New Delhi: Lavasa - the massive township that's being built at a cost of Rs 3000 crore near Pune in Maharashtra - has received a conditional clearance from the Ministry of Environment in Delhi .
The housing project - being built over 25, 000 acres - confronts court cases for alleged violation of the Environmental Protection Act. Those cases will continue, but construction on nearly 257 housing units that had been stopped can now be completed.
Lavasa's main promoter is Hindustan Construction Company (HCC) which is headed by Ajit Gulabchand. After the clearance came through, Mr Gulabchand said, "This is happy news for all the stakeholders of Lavasa, as well as all the villagers and construction workers who had lost their jobs. We set out to build a city and we will."
The project ran into trouble in November last year, after the union government took notice of an NGO's petition against the project. Jairam Ramesh was Environment Minister at the time. The state government said that the promoters had violated the terms of a no-objection certificate issued to them.
In June this year, the union government said that it would not sanction any permission for Lavasa till five conditions were met. They included reserving 5% of profits for corporate social responsibility causes. Also, the union government ordered the state government in Maharashtra to take "credible action" against the firm for the violations it has allegedly committed during the first phase of its project. That led to the oddity of the Maharashtra government filing a criminal case against the promoters of Lavasa, even as Chief Minister Prithviraj Chavan urged the centre to deliver the required permissions. Anti-corruption crusader Anna Hazare, who is from Maharashtra, has asked how the government has now okayed the project while cases against Lavasa's directors and promoters are still being heard.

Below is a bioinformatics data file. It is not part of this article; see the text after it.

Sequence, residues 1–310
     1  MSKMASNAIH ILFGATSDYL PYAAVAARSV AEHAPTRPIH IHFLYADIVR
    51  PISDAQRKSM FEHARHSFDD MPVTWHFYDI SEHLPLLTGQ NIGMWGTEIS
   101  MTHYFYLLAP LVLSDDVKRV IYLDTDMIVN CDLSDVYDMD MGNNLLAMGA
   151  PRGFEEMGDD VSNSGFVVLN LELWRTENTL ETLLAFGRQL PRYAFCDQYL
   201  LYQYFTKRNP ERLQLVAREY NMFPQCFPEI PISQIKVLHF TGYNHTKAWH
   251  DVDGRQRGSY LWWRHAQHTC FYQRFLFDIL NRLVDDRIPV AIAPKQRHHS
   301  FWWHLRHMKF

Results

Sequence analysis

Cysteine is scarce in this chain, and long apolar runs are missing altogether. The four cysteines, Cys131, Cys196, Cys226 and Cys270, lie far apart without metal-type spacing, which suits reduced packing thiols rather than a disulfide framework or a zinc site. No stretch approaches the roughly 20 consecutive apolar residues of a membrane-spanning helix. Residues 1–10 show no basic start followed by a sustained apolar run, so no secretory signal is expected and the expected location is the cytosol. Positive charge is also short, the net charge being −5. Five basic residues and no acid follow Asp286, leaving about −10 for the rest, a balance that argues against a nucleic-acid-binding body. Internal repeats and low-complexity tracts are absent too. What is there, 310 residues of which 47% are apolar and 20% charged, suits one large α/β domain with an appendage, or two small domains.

The Maharashtra Pollution Control Board (MPCB) filed a criminal complaint against Lavasa on Friday, after the Bombay High Court asked in October why the government had not taken any action in the case, despite the orders from the Union Environment Ministry.
Mr Gulabchand had, last month, petitioned the Prime Minister to intervene, and appealed to him come and see the work done at Lavasa. Claiming that his Hindustan Construction Company (HCC) was losing Rs 2 crore each day, Mr Gulabchand had said, "We started building the city at the instance of the state government."
The clearance given today requires Lavasa to submit a progress and air quality report to the Environment Ministry every six months. Any changes to its building plans will have to be sanctioned by the ministry, which also reserves the right to yank the permission if the project violates environmental guidelines.